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Tuesday, June 18, 2024

FLARE Brings New Power to Magnetic Reconnection Research

Plasma is unusual here on Earth. It’s a gas that’s so hot that the ions and electrons in it aren’t bound to each other in atoms. Even though it’s one of the four fundamental states of matter, you may never think of it alongside solids, liquids, and gases. 

But Earth is unusual in that way. When we consider the rest of the universe, plasma makes up 99 percent of the visible parts of it. It’s what all stars are made of, including our sun. It also plays a big role in how planets form – including Earth. 

To understand our universe, we have to understand processes involving plasma. Studying those processes is also important for building future fusion devices. Figuring out how these processes work helps us control the plasma that powers fusion. 

Magnetic reconnection is one of the most fundamental processes in plasma. Plasma produces magnetic fields. We use field lines as a visual shorthand to describe where the magnetic force is going. Reconnection happens when the magnetic field lines (the flow of the magnetic force) snap apart and then come back together. It transforms the energy of the magnetic field into energy that revs up the particles in the plasma. It’s an explosive process. In fact, it causes everything from geomagnetic storms to the aurora borealis (Northern Lights). Unfortunately, these geomagnetic storms can damage satellites and even power grids. 

Scientists are studying magnetic reconnection to get a grasp on this process and be able to predict and react quickly to geomagnetic storms. In their research, physicists at the Department of Energy’s Princeton Plasma Physics Laboratory combine data from experiments, computer simulations, and data from space observations. While they have the broad outlines of why magnetic reconnection happens, they want to understand why it occurs so quickly and how it transforms so much energy.

One of the latest tools in the quest to understand magnetic reconnection is the Facility for Laboratory Reconnection Experiment – which has the appropriate acronym of FLARE. It’s a bigger, more powerful version of a groundbreaking, previous device called the Magnetic Reconnection Experiment (MRX). The MRX was one of the first efforts to reproduce magnetic reconnection in a laboratory. Once it heated plasma to 20 times the temperature of the sun’s visible surface, it triggered magnetic reconnection in a thousandth of a second. Scientists took measurements of the plasma’s density and temperature as well as magnetic and electric fields. That data allowed them to create an image of what was happening inside of the plasma. After more than 30 years of operation, the lab recently retired the MRX. Its plasma was simply too small to test the latest theories for large astrophysical plasmas.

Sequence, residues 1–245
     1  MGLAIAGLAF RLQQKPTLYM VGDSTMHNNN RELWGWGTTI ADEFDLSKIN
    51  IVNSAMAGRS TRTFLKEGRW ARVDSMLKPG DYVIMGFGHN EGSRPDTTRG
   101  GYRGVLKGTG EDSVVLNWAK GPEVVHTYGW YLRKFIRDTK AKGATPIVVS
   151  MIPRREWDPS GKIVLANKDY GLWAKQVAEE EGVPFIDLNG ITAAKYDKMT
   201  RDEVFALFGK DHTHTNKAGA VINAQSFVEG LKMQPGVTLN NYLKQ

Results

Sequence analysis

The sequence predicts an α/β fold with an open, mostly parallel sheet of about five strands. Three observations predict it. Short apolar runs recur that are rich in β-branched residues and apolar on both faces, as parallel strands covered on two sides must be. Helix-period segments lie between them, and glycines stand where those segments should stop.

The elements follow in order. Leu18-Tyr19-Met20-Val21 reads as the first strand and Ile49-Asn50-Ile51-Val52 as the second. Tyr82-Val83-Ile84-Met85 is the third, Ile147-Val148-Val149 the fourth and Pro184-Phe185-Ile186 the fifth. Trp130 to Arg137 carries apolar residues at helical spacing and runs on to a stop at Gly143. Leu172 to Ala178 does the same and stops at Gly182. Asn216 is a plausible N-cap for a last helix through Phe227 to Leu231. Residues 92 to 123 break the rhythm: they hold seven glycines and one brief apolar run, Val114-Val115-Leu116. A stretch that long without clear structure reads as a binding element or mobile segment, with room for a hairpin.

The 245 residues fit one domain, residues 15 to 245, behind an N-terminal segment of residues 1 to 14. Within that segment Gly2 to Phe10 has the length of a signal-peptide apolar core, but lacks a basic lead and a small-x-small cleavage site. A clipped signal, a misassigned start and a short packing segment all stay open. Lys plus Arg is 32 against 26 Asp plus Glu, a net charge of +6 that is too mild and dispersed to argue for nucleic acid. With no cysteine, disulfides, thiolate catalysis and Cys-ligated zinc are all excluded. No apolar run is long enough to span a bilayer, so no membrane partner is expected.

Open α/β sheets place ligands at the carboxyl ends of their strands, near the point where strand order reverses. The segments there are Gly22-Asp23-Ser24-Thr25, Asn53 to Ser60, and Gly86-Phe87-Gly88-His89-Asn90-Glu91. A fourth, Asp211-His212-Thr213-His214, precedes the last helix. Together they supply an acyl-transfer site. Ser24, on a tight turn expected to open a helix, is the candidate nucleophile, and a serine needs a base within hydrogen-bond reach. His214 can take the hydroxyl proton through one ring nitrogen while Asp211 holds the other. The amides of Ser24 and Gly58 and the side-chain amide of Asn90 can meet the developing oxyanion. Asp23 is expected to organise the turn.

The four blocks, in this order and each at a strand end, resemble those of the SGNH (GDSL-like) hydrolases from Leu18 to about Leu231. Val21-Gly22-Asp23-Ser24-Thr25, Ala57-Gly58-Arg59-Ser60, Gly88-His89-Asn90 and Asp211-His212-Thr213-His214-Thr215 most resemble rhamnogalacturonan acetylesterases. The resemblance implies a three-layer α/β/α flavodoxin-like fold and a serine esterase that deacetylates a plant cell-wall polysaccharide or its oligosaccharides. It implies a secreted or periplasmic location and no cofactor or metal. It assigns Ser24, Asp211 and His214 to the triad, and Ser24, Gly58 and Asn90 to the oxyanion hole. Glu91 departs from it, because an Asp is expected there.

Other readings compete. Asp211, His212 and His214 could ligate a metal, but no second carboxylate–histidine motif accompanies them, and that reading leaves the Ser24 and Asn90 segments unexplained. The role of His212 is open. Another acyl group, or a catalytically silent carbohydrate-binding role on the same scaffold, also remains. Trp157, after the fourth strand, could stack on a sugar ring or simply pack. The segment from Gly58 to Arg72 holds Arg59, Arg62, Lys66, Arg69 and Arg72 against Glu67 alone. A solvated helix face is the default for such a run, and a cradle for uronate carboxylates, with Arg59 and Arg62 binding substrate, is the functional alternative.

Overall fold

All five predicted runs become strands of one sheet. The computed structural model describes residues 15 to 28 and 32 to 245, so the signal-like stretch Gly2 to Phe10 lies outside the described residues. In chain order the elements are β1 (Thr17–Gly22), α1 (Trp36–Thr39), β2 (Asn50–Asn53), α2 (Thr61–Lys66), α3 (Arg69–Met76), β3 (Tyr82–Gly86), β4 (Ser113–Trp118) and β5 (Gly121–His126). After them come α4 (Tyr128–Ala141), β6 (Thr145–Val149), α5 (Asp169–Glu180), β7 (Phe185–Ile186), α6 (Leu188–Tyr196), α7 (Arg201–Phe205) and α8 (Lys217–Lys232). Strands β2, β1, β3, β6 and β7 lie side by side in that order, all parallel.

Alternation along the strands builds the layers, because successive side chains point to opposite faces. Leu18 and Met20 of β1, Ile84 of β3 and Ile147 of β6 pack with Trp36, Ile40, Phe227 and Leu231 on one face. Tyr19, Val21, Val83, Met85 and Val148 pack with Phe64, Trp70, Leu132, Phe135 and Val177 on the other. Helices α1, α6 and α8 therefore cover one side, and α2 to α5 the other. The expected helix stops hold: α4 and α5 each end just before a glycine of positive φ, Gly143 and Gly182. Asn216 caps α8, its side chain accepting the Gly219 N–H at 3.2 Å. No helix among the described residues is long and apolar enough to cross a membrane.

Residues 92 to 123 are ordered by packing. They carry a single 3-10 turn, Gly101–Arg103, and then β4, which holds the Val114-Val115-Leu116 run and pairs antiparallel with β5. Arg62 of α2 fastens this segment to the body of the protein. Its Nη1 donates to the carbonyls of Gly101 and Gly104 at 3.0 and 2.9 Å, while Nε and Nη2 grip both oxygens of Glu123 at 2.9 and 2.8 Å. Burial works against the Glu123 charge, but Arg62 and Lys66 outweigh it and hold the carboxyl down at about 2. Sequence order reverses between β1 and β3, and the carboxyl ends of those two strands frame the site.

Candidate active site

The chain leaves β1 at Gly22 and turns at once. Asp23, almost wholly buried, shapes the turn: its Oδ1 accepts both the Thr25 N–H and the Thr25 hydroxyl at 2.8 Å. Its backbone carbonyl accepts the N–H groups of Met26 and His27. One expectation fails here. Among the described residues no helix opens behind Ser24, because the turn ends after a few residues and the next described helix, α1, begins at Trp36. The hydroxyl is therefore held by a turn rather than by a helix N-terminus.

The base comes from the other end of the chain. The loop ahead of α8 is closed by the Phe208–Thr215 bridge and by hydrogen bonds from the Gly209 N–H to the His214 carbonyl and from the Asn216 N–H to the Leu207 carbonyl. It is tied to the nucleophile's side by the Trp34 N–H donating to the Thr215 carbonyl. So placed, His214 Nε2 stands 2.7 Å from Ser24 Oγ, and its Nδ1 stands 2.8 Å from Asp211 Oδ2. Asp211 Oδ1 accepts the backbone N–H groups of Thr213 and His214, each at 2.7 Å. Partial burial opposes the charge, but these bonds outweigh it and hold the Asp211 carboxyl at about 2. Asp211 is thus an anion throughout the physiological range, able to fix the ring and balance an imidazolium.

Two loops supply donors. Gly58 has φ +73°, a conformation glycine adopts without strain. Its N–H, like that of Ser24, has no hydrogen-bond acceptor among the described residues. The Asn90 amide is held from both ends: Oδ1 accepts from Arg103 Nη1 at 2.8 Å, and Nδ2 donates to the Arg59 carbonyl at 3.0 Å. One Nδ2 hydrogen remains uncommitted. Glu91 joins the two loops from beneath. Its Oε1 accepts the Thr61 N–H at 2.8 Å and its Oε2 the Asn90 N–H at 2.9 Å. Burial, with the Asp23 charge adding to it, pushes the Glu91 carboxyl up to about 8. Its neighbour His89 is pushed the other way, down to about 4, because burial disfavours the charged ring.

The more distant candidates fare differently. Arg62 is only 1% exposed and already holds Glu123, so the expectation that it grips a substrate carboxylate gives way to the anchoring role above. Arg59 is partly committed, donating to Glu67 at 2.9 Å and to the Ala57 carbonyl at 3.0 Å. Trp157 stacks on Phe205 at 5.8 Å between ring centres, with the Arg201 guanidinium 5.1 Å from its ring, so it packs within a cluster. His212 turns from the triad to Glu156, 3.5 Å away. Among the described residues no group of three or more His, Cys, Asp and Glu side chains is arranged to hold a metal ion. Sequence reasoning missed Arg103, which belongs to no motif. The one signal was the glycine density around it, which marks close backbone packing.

FLARE will help fill in those gaps. It’s about twice as large as the MRX. That extra size gives it much more space to produce a bigger plasma. It will also be the most powerful device on Earth for studying magnetic reconnection. Compared to MRX, there is 100 times more stored energy to operate FLARE. Its increased size and power will allow it to mimic more accurately what happens in plasmas in space. 

In particular, it will be able to test a theory called plasmoid instability. This theory explains why magnetic reconnection has huge effects, even though it happens over very small areas. It describes how thin, stretched-out magnetic fields stretch and break. When these fields break, they form new sheets, each set thinner than the last. As the sheets separate, they form chains of magnetic bubbles (plasmoids). The formation of the bubbles causes the magnetic field lines to crash into each other and break. That breaking feeds magnetic energy into the ions and electrons in the plasma. The boost of energy heats up the particles. The energized particles make the whole system less stable, which causes a runaway effect. 

The MRX and other experiments could only produce one reconnection point at a time. FLARE will be able to produce multiple ones. That improvement should allow scientists to see that runaway effect more clearly. 

Scientists expect to begin taking data from FLARE in the final quarter of CY 2024. Once it’s up and running, physicists will use these data to test theories and improve the simulations of magnetic reconnection. This new device will provide brilliant insight into one of the universe’s most fundamental processes. 

Official news published at https://www.energy.gov/science/articles/flare-brings-new-power-magnetic-reconnection-research

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